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When Does Child Support Stop in Virginia
When does child support stop in virginia

The Virginia Code says that child support stops when the child turns 18.  If they are still in high school on their 18th birthday, then support continues until they graduate or turn 19, whichever happens first.  Lawyers sometimes call this “emancipation.”

If there is only one child and you don’t owe back support you can just stop paying when the time comes.   If there are two or more children and the older one emancipates, however, you have to have the court order changed so that you are only paying for the remaining, unemancipated child.  You cannot just pay half of what you have been paying.

Handshake deals with the other parent to reduce the amount are not enough.  You have to get the court order changed.  This is extremely important because there have been cases where people ended up owing tens of thousands in back support because they never got the order changed.

Child support in Virginia is based on a formula and you have to redo the guideline formula with current information about both parents’ incomes, any child care costs and the health insurance premiums being paid.  If the child lives at least 91 days with both parents, then the amount of time spent with each parent is a factor as well.

If the parents have a good working relationship, updating the order can be easy.  Either one can file a petition to have the order changed to fit the new situation.  The parties can provide their income, child care and health insurance information to a lawyer.  The lawyer then recomputes the guideline amount and prepares an order for the judge to sign that says what the new amount is to be.  As long as both parties agree to that order, it can be sent in to the clerk’s office and the parents can avoid going to court.  The court staff will give the new order to a judge to sign and the new amount will take effect.  Just be sure to get a copy for your records.

If the parents don’t get along, then the court will hold a hearing.  The parties can submit their proof of income, child care and insurance premium information and the judge will compute the guideline amount.  Doing it this way means both parents will have to take off work for at least half a day.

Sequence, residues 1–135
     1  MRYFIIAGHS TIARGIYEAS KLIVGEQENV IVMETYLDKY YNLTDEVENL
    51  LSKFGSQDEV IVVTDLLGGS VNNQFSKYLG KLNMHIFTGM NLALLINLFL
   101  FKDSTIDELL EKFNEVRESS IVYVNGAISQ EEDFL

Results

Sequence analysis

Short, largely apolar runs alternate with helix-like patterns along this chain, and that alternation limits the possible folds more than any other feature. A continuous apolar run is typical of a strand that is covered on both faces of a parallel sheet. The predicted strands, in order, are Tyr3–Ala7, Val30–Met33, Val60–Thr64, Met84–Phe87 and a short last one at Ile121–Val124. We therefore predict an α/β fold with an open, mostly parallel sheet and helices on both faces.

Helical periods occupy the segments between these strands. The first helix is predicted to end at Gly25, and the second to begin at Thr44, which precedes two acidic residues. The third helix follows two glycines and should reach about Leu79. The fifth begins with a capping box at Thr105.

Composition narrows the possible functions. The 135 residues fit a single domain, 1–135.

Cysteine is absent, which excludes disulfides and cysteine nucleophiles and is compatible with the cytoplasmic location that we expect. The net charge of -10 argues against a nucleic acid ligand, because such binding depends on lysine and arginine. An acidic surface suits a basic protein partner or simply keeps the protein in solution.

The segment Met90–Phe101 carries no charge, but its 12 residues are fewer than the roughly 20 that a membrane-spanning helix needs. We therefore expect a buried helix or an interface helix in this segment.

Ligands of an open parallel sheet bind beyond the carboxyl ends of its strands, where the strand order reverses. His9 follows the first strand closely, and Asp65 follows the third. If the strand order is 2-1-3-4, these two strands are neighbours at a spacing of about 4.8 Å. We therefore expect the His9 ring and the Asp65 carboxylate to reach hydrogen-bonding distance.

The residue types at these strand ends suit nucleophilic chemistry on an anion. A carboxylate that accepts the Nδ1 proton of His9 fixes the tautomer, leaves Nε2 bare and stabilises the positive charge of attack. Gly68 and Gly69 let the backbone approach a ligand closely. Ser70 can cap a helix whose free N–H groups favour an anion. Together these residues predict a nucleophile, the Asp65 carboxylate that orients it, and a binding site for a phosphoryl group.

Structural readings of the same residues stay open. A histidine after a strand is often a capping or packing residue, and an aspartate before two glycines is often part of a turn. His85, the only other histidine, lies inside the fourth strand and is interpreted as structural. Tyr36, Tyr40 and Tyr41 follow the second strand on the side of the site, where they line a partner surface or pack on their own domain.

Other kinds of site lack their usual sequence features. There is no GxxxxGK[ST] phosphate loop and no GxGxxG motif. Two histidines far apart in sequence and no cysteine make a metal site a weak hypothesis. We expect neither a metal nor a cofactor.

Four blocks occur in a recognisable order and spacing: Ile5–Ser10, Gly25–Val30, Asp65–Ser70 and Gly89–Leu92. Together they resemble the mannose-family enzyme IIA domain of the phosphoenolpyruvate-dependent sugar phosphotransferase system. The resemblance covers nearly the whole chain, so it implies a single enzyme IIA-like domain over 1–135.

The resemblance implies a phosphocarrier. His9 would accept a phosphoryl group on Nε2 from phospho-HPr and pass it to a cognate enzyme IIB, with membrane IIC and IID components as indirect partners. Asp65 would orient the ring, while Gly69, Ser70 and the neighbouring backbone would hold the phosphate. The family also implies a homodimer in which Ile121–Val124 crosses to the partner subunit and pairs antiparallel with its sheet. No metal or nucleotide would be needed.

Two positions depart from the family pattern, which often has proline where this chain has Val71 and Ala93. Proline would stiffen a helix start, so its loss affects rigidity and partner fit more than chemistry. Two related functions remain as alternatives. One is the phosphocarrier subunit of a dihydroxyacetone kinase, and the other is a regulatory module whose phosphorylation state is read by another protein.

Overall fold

One situation that can be a problem is when one parent receives income that is not reported.  This can range from tips to payment for entire jobs the parent has done “under the table.”  Proving this kind of earnings can be hard, even with the help of a lawyer.   Since there are no pay stubs, you have to prove the income indirectly through things like bank statements showing deposits made or spending that would only be possible if the parent is making more than they admit.

One issue that comes up is paying for college or other education after high school.  The Virginia Code does not give judges authority to order a parent to pay for a child to receive higher education.  The one exception is where the parents have agreed to do it.  Then the judge can order them to do what their agreement says.

My standard advice is to never agree to do something the court could not order on its own.  I tell clients that paying for college should be between them and their child, not between the parents.   A parent who is under a court order to pay these expenses has no leverage if the child is partying and not taking their studies seriously.   So it is better to keep this kind of support completely voluntary.

There is one situation where child support continues indefinitely.  If a child is “severely and permanently disabled” when they emancipate, then support can be required until either the parent or the child dies.  These situations are rare but they do come up and it is a good idea to talk them through with a lawyer and be sure you understand the rules.

About the Author

Robert Jeffries
Robert Jeffries